At a time when heritage budgets are being stretched and competition for grants and awards is fierce, crowdfunding provides an additional alternative way of obtaining support for cataloguing and digitising your collections.
At Stirling University Archives, between November 2016 and January 2017 we were able to raise £8100 via crowdfunding over just 56 days to fund the cataloguing and digitisation of our Peter Mackay Archive. This shows what a powerful tool it can be.
Video above: The video clip above gives some context about the Peter Mackay Archive and our project to digitise it.
For others considering launching a crowdfunding initiative to support a digitisation project of their own, I have shared some insights and advice from our experience with The Peter Mackay Archive project below.
Why crowdfunding for digitisation?
Crowdfunding is a way to raise money, awareness and support for a project from people online. Crowdfunding platforms (such as Kickstarter, Crowdfunder, and Fundable) provide a funding page for you to describe your organisation, your project, its goals, and your funding target. The platforms then allow anyone to pledge funds to support your project by clicking a button on your funding page – with payment taken via an online payment service.
As you can imagine, crowdfunding offers the opportunity to raise support for projects from a broad and diverse audience. It does require a considerable investment of time and effort, and is not without its risks, but it can provide you with the funding you need to digitise and open up your collections.
Choosing the right crowdfunding platform
At Stirling we developed our project in partnership with the University’s fundraising team. Being able to draw on their knowledge and experience was invaluable when it came to choosing the right platform for our crowdfunding project. While all the platforms out there operate on a similar basis it is worth checking the small details that can make all the difference to your project.
Our fundraising team identified Crowdfunder UK as being the most popular platform for the charity and university sectors. The recent announcement by the Heritage Lottery Fund of a new partnership programme with Crowdfunder helped us to make our choice. This new programme provides match funding from HLF for up to 25% of total costs for specially selected Crowdfunder projects, to enable them to reach their targets.
Below image: Screenshot of The Peter Mackay Archive campaign’s Crowdfunder page.
Choosing the right collection
Not every collection you hold will be suited to a crowdfunding campaign. One of the key advantages of crowdfunding is its potential reach. By using social media you can spread the word about your project far and wide, identifying and connecting with communities of interest around the world. Choose a collection with broad international appeal – a collection with an interesting back story, a connection to a major anniversary or event, or any hooks to generate interest!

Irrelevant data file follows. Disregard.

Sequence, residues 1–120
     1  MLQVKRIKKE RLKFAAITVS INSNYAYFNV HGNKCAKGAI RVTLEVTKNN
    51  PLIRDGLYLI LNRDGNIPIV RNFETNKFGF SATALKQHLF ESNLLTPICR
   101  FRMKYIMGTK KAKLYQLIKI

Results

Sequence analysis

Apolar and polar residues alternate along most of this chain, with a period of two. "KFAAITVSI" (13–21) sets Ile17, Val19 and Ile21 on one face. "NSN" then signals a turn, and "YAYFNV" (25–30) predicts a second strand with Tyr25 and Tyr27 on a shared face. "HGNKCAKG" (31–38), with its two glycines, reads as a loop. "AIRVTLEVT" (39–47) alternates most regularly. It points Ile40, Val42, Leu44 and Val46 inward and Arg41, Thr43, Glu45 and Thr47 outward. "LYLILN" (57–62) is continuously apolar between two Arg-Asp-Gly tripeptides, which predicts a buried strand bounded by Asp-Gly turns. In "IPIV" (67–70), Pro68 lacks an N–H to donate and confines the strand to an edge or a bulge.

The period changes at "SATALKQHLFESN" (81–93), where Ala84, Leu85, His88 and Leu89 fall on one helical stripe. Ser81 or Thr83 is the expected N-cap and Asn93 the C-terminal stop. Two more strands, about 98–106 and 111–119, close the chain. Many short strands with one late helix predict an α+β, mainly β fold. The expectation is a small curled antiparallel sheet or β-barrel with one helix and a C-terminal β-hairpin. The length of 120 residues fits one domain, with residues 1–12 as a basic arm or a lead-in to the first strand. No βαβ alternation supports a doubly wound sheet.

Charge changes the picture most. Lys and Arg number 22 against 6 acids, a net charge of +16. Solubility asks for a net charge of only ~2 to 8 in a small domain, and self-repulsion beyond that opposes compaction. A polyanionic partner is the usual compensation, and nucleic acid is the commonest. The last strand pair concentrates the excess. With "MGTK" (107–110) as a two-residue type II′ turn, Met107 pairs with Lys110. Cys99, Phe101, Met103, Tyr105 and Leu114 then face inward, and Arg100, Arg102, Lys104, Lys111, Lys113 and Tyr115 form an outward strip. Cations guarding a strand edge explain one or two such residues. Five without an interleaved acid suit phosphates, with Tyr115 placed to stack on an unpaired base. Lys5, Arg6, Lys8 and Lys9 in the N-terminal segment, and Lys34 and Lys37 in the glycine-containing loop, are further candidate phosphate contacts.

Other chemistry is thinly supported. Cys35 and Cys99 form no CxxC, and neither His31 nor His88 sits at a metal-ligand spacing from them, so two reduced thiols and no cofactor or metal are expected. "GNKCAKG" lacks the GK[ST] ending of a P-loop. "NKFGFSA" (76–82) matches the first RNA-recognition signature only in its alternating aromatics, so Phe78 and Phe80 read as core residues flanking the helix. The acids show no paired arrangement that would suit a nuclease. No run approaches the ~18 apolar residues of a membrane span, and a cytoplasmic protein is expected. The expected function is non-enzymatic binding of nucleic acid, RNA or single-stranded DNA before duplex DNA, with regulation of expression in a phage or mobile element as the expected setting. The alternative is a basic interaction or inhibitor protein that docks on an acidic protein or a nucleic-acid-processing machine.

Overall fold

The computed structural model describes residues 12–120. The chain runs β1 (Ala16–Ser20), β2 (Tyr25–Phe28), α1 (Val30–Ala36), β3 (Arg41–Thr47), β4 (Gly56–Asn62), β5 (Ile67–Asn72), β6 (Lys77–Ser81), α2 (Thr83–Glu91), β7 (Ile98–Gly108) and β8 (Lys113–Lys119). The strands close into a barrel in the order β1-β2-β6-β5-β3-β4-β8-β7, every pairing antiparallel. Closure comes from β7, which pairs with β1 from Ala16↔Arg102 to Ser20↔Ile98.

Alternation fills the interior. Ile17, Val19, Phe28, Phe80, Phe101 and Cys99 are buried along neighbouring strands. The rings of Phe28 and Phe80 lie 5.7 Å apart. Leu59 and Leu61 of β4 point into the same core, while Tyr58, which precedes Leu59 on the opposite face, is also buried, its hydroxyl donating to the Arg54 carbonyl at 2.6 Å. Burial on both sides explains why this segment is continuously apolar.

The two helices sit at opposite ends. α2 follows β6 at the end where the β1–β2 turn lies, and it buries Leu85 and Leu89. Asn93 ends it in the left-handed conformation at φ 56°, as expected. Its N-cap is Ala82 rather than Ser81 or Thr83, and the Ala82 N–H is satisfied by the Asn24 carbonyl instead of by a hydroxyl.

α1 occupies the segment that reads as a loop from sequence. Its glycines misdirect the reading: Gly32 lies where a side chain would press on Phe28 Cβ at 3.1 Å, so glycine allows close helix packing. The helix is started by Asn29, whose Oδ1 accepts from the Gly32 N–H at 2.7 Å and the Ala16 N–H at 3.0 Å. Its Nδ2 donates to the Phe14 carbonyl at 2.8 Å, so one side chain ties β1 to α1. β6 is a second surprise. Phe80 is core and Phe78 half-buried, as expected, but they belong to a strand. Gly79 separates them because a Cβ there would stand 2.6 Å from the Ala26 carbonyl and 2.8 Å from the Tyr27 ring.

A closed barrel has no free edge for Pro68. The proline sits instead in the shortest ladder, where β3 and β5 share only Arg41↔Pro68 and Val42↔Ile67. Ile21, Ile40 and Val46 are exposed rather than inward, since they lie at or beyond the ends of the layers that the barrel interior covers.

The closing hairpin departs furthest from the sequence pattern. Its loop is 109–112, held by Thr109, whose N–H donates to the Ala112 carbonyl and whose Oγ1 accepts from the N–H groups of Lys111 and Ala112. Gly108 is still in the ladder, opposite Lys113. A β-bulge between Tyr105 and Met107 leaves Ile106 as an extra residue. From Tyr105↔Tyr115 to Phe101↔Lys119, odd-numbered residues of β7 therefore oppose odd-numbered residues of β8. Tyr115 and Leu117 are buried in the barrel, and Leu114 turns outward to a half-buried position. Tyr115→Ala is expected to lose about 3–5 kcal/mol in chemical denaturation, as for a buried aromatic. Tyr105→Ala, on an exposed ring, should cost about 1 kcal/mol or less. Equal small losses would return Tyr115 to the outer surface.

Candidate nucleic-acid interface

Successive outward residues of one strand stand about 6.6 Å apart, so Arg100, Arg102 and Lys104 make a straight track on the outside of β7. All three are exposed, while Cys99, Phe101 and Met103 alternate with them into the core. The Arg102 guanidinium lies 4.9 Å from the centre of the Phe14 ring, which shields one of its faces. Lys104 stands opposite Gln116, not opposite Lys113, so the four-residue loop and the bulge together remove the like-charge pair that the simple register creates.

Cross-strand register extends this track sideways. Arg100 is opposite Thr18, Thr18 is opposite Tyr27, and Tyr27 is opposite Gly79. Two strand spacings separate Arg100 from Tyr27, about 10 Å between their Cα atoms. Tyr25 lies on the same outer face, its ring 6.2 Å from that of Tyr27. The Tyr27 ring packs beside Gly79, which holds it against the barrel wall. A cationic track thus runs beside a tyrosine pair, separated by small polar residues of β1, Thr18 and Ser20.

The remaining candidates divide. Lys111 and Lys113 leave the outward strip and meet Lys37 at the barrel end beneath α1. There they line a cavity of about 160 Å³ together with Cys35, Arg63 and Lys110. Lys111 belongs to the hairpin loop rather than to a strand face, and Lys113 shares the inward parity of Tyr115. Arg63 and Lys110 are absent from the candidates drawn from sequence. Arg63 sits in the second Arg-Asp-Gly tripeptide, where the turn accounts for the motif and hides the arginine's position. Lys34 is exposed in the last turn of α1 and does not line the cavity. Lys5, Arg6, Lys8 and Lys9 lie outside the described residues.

When designing the project for which you are seeking funding you should keep in mind the need to show supporters a return for their contributions. Your project should include work that makes a visible difference to your collection, something you can promote and share further down the line to demonstrate value. Remember the fundraising phase is only the beginning of your relationship with your supporters.
Crowdfunding the Peter Mackay Archive digitisation project
In November 2016 we launched our Peter Mackay Archive project on Crowdfunder UK; setting ourselves the target of raising £8,000 by the 24 January 2017. Peter Mackay (1926-2013) was a key figure in the independence movements of Southern Rhodesia (Zimbabwe) and Nyasaland (Malawi).
Born into a Scottish family with strong links to Doune, near Stirling, Mackay served in the Scots Guards before emigrating to Southern Rhodesia in 1948, where he devoted himself to the cause of African liberation. Following the establishment of majority rule in Zimbabwe, he took up the cause of the impoverished people of Omay on the shores of Lake Kariba. His volume of memoirs, We Have Tomorrow: Stirrings in Africa, 1959-1967 provides remarkable insights into Southern African nationalism in its most principled phase.
Our fundraising campaign had digitisation at its core. The Mackay Archive is a major new research resource for all students of African history and politics. We sought support for a programme of digitisation which would provide online access to the unique resources contained in the archive, opening the collection up to researchers around the world.
Promoting our crowdfunding campaign
Our extensive use of social media, Twitter in particular, helped us to connect with the various groups around the world with an interest in supporting the digitisation of the collection. The University’s fundraising team utilised its existing supporters’ network, reaching out to our alumni. The University Archives used its Twitter account to identify and connect with organisations and groups who supported the project by promoting our campaign to their followers.
Identifying and using key hashtags in your tweets is an effective way of ensuring further visibility for your messages, among the right audience. Targeting hashtags like #AfricanHistory, #Zimbabwe and #Malawi ensured our publicity was reaching interested audiences.
Let the cataloguing and digitisation begin!
Following an effective promotional campaign across various media platforms we surpassed our target – raising £8,100 of our £8,000 goal total with 64 supporters in 56 days.
We have now begun our project to catalogue and digitise the Archive. You can keep up to date with our progress on our dedicated Peter Mackay Archive page.